In post-Revolution France, all foundlings were considered as wards of the state. Additionally, an early form of welfare was instituted by paying subsidies to the mothers of illegitimate children in order to keep the children in a home.
The U.K.’s “Infants Relief Act of 1874”, stated that every child under two years of age that is cared for by a non-family person (for hire) became under public guardianship. But the actual expense of caring for foundlings still remained the obligation of the church.
Italian and Russian Efforts
Today Italy, in proportion to its population, surpasses all other nations in the number of institutions devoted exclusively to the care of foundlings. In 1888, the Rovigo Provence established a system in which all mothers who acknowledge their infants are supported by the government for a year and a half. During that time, many mothers decided to retain custody of their child. This was a program which benefited the child and was less expensive to the community.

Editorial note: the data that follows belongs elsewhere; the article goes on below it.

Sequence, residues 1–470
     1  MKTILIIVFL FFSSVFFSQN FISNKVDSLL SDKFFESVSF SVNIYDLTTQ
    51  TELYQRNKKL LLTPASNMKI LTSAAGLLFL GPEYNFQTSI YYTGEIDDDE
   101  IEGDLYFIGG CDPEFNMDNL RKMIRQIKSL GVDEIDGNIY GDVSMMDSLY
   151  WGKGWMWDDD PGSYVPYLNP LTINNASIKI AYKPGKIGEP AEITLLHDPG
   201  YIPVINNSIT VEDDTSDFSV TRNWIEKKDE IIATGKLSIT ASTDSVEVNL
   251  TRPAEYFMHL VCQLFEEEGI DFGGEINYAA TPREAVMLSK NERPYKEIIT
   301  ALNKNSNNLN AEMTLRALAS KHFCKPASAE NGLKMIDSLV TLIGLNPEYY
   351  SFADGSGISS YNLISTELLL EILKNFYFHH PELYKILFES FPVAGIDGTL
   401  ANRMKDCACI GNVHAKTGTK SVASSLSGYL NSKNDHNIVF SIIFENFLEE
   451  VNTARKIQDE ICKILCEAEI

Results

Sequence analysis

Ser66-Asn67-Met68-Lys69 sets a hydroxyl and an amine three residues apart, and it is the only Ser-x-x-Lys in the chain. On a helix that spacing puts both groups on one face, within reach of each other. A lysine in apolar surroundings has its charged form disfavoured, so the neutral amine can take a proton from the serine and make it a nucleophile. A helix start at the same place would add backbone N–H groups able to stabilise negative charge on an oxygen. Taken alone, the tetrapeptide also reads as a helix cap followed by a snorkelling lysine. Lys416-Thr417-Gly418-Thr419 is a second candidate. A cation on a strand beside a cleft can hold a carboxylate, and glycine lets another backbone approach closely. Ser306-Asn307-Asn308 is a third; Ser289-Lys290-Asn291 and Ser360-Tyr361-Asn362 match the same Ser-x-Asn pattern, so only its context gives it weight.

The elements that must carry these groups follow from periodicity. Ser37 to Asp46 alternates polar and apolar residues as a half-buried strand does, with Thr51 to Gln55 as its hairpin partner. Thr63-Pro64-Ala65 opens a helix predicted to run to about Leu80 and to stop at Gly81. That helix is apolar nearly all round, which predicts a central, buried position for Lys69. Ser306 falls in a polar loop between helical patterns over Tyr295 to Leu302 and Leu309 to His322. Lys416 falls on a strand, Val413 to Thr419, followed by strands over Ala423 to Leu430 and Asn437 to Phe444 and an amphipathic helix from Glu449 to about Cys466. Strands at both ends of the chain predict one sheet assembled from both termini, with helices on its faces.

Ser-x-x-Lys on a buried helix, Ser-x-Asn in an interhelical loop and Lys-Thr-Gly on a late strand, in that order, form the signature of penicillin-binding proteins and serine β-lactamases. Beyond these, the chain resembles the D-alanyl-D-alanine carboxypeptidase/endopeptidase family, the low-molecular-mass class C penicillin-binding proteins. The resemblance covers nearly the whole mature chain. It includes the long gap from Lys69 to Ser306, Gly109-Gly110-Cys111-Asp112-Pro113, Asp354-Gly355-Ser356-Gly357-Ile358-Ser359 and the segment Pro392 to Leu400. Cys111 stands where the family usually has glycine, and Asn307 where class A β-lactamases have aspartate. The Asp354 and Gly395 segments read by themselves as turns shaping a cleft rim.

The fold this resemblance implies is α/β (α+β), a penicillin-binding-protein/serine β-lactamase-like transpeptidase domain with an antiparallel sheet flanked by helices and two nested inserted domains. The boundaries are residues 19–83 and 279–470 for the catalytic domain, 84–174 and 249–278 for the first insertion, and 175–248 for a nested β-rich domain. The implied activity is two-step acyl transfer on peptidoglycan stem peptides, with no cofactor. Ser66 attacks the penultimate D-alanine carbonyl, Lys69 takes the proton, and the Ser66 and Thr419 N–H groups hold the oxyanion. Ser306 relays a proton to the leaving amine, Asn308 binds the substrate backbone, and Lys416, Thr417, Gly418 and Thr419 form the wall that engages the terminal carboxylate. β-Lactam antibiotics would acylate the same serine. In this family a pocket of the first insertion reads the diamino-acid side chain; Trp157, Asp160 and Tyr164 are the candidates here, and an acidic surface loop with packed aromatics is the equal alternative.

By 1898, the number of Italian foundling asylums was 113. They cared for over 100,000 children (the Florence asylum was the largest sheltering 6,500).
At the end of the Nineteenth Century, Russia had two very large foundling asylums that were established by Catherine II. The one in St. Petersburg cared for over 33,000 foundlings, the one in Moscow over 39,000. One policy was to encourage the mother, if known, to nurse her child, and to pay her for her service. This effort was to try to establish a bond between mother and child.
Foundlings in the Present Day
In Europe, foundling homes and work houses are largely a thing of the past. Berlin and Hamburg, Germany, have a program called “Babyklappen.” After leaving her baby, a mother has six weeks to return and claim the child. If she does, the situation is managed by adoption professionals and not the police. Charges are not filed. The program is being expanded to other German cities.
In large cities in the United States, there are foundling asylums operated by individuals, private charities, religious groups, or communities. In 1907, the Catholic infant asylum of Chicago had 676 children, Boston 858, Milwaukee 408, and San Francisco 480. There were 1,075 children’s homes of all types (including regular orphanages) that cared for over 90,000 young ones.
But in most cases in the U.S., placing children, orphan of foundling, into private homes under public supervision is still the preferred method of care.
Sadly, the number of foundlings doubled during the 1990’s in the UK. The reasons are still not understood.